Artwork for podcast Bring Your Product Idea to Life
How to make your customer experience more inclusive (and make more sales) - with Jodie Greer, Be People Smart
Episode 9414th January 2022 • Bring Your Product Idea to Life • Vicki Weinberg
00:00:00 00:34:27

Share Episode

Shownotes

Jodie Greer, founder of Be People Smart, joins podcast host Vicki Weinberg to share some simple ways to make your customer experience more inclusive for everyone.

EPISODE NOTES

**Please remember to rate and review the podcast - it really helps others to find it.**

Today. I am delighted to be joined by Jodie Greer, founder of Be People Smart on the podcast.

Be People Smart supports organisations of all sizes from all sectors, both private and public, to be more inclusive by considering all staff and customers in the way they operate and communicate.

I’ve known Jodie for years, and recently heard her talk at an event which really opened my eyes to lots of things that I could easily be doing, but wasn’t, to make my website and social media much more inclusive for everyone. I hope you find it as useful as I did, there are lots of simple ideas that you are going to want to action straight away.

Listen in to hear Jodie share:

  • An introduction to herself and her business (02:35)
  • What we mean when we talk about making things more inclusive and accessible (02:51)
  • Why you are missing our on custom if you don’t take this into account (05:23)
  • Practical things you can do to make your website more accessible and inclusive (07:43)
  • Things you can do if you are selling on third party websites (16:26)
  • Practical things you can do to make your social media more accessible and inclusive (21:40)
  •  Her number one piece of advice for product creators (29:51)

USEFUL RESOURCES:

Be People Smart

Be People Smart Facebook

Be People Smart Linked In

Be People Smart Instagram

Accessibility Checker

LET’S CONNECT

Join my free Facebook group for product makers and creators

Find me on Instagram

Work with me

Transcripts

Vicki Weinberg:

Welcome to the, Bring Your Product Ideas To Life Podcast,

Vicki Weinberg:

practical advice, and inspiration to

Vicki Weinberg:

help you create and sell your own physical products.

Vicki Weinberg:

Here's your host Vicki Weinberg.

Vicki Weinberg:

Today.

Vicki Weinberg:

I am delighted to invite Jodie Greer onto the podcast.

Vicki Weinberg:

So, Jodie is the founder of Be People Smart, a disability inclusion

Vicki Weinberg:

and accessibility specialist.

Vicki Weinberg:

Be People Smart supports organizations to be more inclusive by considering

Vicki Weinberg:

all staff and customers in the way they operate and communicate.

Vicki Weinberg:

Jodie spent more than two decades in the corporate world before deciding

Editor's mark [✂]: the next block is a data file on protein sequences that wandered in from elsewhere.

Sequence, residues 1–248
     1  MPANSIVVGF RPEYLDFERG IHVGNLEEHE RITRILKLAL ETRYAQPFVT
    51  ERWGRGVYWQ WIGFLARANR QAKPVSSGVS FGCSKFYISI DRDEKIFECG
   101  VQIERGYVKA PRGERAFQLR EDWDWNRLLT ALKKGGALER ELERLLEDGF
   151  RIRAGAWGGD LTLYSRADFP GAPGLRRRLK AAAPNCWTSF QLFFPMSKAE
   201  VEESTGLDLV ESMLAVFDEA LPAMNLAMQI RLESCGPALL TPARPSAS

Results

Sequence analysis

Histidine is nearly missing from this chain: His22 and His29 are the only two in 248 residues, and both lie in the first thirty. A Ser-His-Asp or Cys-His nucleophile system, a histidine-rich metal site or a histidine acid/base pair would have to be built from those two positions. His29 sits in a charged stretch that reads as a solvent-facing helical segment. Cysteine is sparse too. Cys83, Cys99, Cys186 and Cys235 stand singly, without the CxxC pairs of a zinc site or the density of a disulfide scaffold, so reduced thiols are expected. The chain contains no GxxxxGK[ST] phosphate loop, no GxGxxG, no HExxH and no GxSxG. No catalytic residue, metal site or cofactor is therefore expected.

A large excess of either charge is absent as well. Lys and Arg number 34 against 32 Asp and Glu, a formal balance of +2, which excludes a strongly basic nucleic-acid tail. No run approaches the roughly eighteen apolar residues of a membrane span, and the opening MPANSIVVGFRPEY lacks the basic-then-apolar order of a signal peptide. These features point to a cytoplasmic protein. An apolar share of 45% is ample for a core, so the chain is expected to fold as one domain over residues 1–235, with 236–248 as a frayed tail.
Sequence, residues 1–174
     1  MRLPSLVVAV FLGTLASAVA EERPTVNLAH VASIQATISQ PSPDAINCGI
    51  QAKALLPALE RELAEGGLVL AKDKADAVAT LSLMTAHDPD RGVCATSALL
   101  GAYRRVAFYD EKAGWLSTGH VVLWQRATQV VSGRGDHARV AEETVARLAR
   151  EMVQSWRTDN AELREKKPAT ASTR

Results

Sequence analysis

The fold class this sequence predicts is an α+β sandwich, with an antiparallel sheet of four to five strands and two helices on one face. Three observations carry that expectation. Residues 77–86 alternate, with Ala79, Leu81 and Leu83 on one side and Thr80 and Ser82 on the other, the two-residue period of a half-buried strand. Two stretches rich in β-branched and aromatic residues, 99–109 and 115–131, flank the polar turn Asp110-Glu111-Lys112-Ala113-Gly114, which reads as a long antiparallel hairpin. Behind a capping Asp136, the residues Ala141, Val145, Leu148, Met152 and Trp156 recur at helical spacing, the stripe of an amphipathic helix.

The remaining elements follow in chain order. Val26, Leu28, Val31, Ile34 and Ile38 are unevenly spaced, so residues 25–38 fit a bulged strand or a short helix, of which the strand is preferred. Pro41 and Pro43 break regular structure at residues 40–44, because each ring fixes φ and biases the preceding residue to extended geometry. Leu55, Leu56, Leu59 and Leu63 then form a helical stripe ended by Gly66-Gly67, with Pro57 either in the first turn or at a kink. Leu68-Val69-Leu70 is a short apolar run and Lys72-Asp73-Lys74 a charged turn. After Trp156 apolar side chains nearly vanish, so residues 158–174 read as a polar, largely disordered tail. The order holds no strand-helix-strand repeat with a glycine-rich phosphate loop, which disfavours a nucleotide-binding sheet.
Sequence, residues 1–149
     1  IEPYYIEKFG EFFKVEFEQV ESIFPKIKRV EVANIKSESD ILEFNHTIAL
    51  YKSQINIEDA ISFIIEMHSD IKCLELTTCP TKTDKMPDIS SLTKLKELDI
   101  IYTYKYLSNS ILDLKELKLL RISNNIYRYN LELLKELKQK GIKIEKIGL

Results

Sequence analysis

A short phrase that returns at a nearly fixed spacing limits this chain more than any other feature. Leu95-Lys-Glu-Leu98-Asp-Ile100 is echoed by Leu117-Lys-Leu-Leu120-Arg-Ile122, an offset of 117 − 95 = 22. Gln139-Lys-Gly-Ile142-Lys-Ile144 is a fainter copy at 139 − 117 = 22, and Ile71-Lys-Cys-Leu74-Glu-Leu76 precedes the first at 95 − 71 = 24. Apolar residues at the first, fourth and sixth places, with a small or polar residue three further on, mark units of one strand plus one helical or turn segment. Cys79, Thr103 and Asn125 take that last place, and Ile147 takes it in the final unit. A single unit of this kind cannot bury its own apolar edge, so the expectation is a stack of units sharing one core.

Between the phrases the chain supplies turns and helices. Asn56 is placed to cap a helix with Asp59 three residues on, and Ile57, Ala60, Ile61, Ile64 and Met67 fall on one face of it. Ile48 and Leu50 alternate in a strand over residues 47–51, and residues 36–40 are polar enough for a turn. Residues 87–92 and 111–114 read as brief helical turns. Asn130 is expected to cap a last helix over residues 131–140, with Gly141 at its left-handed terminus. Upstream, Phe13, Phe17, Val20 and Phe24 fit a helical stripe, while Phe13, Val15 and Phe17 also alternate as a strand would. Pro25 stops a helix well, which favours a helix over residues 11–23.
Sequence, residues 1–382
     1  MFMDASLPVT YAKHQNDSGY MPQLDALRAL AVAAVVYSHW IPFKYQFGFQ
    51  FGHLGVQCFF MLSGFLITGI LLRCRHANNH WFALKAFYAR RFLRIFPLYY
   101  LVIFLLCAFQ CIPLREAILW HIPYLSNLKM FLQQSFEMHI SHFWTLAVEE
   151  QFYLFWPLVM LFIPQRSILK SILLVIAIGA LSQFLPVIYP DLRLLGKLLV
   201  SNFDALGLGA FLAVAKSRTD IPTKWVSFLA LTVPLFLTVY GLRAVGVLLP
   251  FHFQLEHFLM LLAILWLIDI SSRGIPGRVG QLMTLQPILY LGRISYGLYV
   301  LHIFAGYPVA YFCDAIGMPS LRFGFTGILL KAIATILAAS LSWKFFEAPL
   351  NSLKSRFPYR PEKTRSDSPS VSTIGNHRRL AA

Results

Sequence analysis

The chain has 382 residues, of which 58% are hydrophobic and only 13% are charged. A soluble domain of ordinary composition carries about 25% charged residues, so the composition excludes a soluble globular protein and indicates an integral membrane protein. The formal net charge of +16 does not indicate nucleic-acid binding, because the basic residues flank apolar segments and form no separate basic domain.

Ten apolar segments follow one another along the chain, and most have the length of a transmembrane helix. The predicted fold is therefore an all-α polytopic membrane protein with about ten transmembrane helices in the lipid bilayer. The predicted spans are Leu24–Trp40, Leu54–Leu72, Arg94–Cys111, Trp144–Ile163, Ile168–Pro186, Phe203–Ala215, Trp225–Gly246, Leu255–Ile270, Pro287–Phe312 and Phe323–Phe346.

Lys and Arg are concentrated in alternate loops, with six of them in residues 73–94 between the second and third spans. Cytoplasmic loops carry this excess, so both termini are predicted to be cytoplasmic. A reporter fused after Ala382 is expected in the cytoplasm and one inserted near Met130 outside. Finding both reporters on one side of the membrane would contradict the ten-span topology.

Vicki Weinberg:

to jump ship and become a route of enablement support of companies of

Vicki Weinberg:

all sizes across all sectors, which is when Be People Smart was born.

Vicki Weinberg:

Now I have known Jodie for a long time now.

Vicki Weinberg:

More years that I probably want to remember.

Vicki Weinberg:

Um, and it was actually after hearing Jodie speak at an event that I

Vicki Weinberg:

attended fairly recently, a virtual event, I should add because we are

Vicki Weinberg:

obviously living in that world.

Vicki Weinberg:

Um, and she was talking about how small businesses can make their

Vicki Weinberg:

communications more inclusive.

Vicki Weinberg:

And I have to say, really opens my eyes to a lot of things that I wasn't doing,

Vicki Weinberg:

but could quite easily do to make my website, my social media and lots of other

Vicki Weinberg:

things, much more inclusive for everyone.

Vicki Weinberg:

Um, and so we're going to talk today about just a tiny, tiny section of

Vicki Weinberg:

what she talks about in that speech, because honestly she had so much

Vicki Weinberg:

to share, but I think if we put all that into one podcast episode, it

Vicki Weinberg:

would possibly be quite overwhelming.

Vicki Weinberg:

So, um, you never know, hopefully Jodie can pop back at some point

Vicki Weinberg:

and share even more with us.

Vicki Weinberg:

But today we're just going to focus on some of the fairly small and

Vicki Weinberg:

simple things that we can all do to make sure our communications are

Vicki Weinberg:

much more accessible for everyone.

Vicki Weinberg:

So I really hope you enjoy this conversation.

Vicki Weinberg:

I hope you find it as fascinating and as useful as I did, as I

Vicki Weinberg:

said, Incredibly accessible.

Vicki Weinberg:

I think there's a lot in here that you'll be able to action straight

Vicki Weinberg:

away, or if not straight away, you know, the coming weeks and months,

Vicki Weinberg:

because it is a long term thing.

Vicki Weinberg:

And, um, Jodie is really honest about the fact that, you know, none of us are

Vicki Weinberg:

going to be, you know, making all of these changes overnight, but even small

Vicki Weinberg:

test steps will make a big difference.

Vicki Weinberg:

So with all of that said, and gosh, that was quite a long introduction.

Vicki Weinberg:

I would love to now introduce you to Jodie.

Vicki Weinberg:

Thank you so much for being here.

Jodie Greer:

Thanks for inviting me.

Jodie Greer:

It's good.